# NavList:

## A Community Devoted to the Preservation and Practice of Celestial Navigation and Other Methods of Traditional Wayfinding

**Re: Predicting transit using Bowditch section 2010**

**From:**Fred Hebard

**Date:**2003 Dec 22, 14:27 -0500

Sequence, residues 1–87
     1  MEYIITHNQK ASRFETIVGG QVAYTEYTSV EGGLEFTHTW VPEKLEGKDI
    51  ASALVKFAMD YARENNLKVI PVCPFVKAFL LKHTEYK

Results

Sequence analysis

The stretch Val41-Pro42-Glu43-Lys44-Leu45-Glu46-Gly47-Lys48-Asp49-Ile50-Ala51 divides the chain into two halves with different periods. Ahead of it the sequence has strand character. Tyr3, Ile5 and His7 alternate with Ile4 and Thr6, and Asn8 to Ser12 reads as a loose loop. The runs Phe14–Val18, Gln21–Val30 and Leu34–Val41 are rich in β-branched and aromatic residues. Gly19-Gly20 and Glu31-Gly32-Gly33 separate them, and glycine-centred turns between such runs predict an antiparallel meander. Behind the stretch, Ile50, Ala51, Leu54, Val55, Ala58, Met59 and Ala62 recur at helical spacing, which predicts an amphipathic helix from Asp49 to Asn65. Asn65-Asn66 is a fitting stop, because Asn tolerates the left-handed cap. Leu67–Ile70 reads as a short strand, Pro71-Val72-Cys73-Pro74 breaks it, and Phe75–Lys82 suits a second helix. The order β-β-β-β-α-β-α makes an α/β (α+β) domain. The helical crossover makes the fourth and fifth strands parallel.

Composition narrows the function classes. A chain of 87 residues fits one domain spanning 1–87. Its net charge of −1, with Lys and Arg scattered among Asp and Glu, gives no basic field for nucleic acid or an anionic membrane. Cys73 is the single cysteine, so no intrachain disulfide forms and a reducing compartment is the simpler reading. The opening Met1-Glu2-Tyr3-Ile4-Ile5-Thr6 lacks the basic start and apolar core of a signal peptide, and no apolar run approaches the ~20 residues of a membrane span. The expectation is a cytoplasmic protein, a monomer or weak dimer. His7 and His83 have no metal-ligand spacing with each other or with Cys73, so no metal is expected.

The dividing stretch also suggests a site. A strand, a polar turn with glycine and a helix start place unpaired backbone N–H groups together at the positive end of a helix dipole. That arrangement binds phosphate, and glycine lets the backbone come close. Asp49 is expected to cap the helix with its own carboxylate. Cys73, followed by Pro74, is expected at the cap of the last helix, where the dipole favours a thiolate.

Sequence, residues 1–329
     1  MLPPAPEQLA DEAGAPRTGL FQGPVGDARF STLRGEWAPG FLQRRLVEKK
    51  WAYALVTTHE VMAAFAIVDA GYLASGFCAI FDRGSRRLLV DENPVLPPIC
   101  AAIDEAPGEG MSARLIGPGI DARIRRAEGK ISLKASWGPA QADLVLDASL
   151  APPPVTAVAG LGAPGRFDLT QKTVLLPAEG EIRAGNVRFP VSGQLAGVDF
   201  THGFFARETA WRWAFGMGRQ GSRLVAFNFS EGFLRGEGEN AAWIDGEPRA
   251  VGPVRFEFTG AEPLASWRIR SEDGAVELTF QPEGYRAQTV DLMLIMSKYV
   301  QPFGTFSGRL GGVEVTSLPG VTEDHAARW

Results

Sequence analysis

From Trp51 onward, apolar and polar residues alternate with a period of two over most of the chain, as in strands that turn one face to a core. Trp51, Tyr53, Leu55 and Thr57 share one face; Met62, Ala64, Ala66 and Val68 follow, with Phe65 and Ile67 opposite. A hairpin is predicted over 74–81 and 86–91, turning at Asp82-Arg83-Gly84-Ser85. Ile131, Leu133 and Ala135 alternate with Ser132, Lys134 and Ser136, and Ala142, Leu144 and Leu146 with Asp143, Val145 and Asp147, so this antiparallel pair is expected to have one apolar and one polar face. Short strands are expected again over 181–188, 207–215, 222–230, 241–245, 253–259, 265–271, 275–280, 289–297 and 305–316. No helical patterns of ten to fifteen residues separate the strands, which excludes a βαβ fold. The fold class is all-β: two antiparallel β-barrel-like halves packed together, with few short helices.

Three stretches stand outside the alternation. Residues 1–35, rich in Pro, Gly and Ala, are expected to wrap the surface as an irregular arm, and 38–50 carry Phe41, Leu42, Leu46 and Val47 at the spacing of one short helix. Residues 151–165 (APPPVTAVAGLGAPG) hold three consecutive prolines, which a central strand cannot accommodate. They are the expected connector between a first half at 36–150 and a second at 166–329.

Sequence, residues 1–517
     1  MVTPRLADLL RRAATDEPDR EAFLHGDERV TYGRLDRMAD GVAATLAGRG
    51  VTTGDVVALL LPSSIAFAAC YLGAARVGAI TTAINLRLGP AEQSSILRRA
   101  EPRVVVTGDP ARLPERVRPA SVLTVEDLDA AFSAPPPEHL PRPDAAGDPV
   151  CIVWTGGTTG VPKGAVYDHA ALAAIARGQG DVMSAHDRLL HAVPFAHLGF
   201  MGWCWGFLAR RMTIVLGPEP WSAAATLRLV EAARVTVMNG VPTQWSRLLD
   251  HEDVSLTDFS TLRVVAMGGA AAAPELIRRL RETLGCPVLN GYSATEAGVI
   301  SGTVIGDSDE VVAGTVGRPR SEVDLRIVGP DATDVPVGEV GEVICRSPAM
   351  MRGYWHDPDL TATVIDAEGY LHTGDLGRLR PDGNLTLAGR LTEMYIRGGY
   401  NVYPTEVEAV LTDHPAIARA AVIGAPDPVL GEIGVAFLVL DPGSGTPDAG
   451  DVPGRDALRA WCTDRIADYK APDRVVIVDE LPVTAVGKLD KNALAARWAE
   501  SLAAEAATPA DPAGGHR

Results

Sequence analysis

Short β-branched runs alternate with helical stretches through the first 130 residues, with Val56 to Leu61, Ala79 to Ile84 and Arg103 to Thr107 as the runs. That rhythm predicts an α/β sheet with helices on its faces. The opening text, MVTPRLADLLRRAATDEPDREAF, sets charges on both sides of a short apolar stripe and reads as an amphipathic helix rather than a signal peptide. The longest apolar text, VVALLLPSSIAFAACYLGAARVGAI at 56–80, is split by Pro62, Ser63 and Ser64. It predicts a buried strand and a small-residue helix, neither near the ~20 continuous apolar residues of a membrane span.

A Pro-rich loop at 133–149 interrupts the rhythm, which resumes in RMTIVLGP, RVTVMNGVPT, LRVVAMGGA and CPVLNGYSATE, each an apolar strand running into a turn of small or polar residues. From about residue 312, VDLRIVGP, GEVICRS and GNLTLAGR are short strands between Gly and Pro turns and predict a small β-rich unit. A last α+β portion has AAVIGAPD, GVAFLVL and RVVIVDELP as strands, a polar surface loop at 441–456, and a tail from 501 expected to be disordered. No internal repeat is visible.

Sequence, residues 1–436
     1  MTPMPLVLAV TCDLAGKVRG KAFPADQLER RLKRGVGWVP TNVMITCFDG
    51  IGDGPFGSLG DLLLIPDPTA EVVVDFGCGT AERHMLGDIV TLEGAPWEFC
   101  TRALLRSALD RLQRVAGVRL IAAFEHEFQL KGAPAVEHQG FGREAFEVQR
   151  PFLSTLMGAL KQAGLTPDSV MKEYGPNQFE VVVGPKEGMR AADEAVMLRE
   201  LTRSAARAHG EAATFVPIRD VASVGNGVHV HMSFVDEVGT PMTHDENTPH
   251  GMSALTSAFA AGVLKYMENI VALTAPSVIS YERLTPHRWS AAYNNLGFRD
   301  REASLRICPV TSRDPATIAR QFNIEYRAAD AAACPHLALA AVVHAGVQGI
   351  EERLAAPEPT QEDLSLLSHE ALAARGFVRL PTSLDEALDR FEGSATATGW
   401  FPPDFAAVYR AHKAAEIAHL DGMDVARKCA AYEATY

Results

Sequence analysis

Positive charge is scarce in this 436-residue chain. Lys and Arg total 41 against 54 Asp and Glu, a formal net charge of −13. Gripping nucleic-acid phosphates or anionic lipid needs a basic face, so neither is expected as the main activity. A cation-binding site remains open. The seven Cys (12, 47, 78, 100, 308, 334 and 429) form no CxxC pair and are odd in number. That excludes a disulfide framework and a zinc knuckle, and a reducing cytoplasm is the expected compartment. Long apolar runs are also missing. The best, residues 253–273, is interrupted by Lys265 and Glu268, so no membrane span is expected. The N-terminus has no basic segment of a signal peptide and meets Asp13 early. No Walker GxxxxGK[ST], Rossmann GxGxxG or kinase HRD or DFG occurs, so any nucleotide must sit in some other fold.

Doug, Having somebody present these techniques is precisely why I am on this list. If you can, I would appreciate hearing of any you wish to share. Thanks, Fred On Dec 22, 2003, at 1:28 PM, Royer, Doug wrote: > Jim,Trevor is correct in his explaination of useing the table.It was > used > mainly for the purpose of the navigator to calculate the "Watch Time" > of LAN > on a moveing vessel.In real practice it is as Trevor states:to let the > sight > taker know when to be on deck or bridge to take the round of noon > sights.There are more techniques to do this and I would be happy to > show > them to you.Contact me off list if interested. > > -----Original Message----- > From: Navigation Mailing List > [mailto:NAVIGATION-L{at}LISTSERV.WEBKAHUNA.COM]On Behalf Of Trevor J. > Kenchington > Sent: Sunday, December 21, 2003 06:44 > To: NAVIGATION-L{at}LISTSERV.WEBKAHUNA.COM > Subject: Re: Predicting transit using Bowditch section 2010 > > > Jim, > > You wrote: > >> When I ignored the seconds in Method 2, everything fell into line >> nicely. >> But I have two problems with this neat solution to my problem. >> >> Transit time occured at 13h 08m 09s (Method 1). >> http://jimthompson.net/boating/CelestialNav/NoonSunSight.htm >> >> 1. My DLo converts to 12m 32s. So rounding up to the nearest minute > should >> have brought the DLo to 13m, which would produce a predicted transit >> time > of >> 1156 + 13 min = 1309, not 1308. If I simply ignore the 32s, then I >> get >> 1308, which is in agreement with all the other methods. > > > If you round your numbers before making a calculation, you can get > "rounding errors" (as in this example). That is: approximations entered > into a calculation will not always give you an answer accurate to the > precision of the original approximation. The moral is that you should > never round off your numbers until to get to your final answer. At > least, you should not round them off as far until you get to the end of > the calculations (e.g. you could calculate to the nearest second if you > intend to express your final answer to the nearest minute but if you > really wanted your answer to be to the nearest second, you should > calculate using values to the nearest 0.1 or 0.01 of a second). > >> 2. However Bowditch Section 2010 instructs us to add 11h 56 m and 12m >> 32s >> for a total of 12h 08m 32s, shown as if accurate to the nearest >> second. > Why >> is that? >> >> Here is the relevant section from the 2002 version of Bowditch: "2010. >> Latitude at Meridian Passage. First, determine the time of meridian > passage >> from the daily pages of the Nautical Almanac. In this case, the >> meridian >> passage for May 16, 1995, is 1156. That is, the Sun crosses the >> central >> meridian of the time zone at 1156 ZT and the observer's local >> meridian at >> 1156 local time. Next, determine the vessel's DR longitude for the >> time of >> meridian passage. In this case, the vessel's 1156 DR longitude is 157? > 23.0' >> W. Determine the time zone in which this DR longitude falls and >> record the >> longitude of that time zone's central meridian. In this case, the >> central >> meridian is 150? W. Enter the Conversion of Arc to Time table in the >> Nautical Almanac with the difference between the DR longitude and the >> central meridian longitude. The conversion for 7? of arc is 28 m of >> time, >> and the conversion for 23' of arc is 1 m 32 s of time. Sum these two > times. >> If the DR position is west of the central meridian (as it is in this > case), >> add this time to the time of tabulated meridian passage. If the >> longitude >> difference is to the east of the central meridian, subtract this time >> from >> the tabulated meridian passage. In this case, the DR position is west >> of > the >> central meridian. Therefore, add 29 minutes and 32 seconds to 1156, >> the >> tabulated time of meridian passage. The estimated time of LAN is >> 12-25-32 >> ZT." >> >> My answer is that the time of LAN so determined in Bowditch should be >> written this way: >> 12-26 ZT, not 12-25-32 ZT. >> >> Is that most correct, and the way that Bowditch should have shown the >> estimate? > > > These are instructions for finding the _latitude_ of a moving object > whose longitude cannot be known precisely. My guess is that they are > intended to tell the navigator how to estimate when to step out to the > bridge wing with his sextant and begin observing, _not_ as a way of > determining just when the Sun crosses the meridian. That is, the method > described is only intended to give the clock time of LAN to the nearest > minute. That would explain why the instructions suggest that the time > of > the Sun's crossing the Greenwich meridian in GMT can be used as the > time > (in LMT) of her crossing any other meridian -- an adequate > approximation to the nearest minute but clearly not precise to the > nearest second. > > So why, having set out to calculate to the nearest minute, does > Bowditch > quote an answer to the nearest second? I'd suggest that the authors of > this section have fallen into a common trap that catches many writers > of > textbooks by seeking to present a degree of theoretical perfection that > is irrelevant to the real world. In this case, their attempt at > additional precision actually introduced an error. > > > If I am wrong in that, I trust that some member of this list will point > out my error. > > > Trevor Kenchington > > > -- > Trevor J. Kenchington PhD Gadus{at}iStar.ca > Gadus Associates, Office(902) 889-9250 > R.R.#1, Musquodoboit Harbour, Fax (902) 889-9251 > Nova Scotia B0J 2L0, CANADA Home (902) 889-3555 > > Science Serving the Fisheries > http://home.istar.ca/~gadus >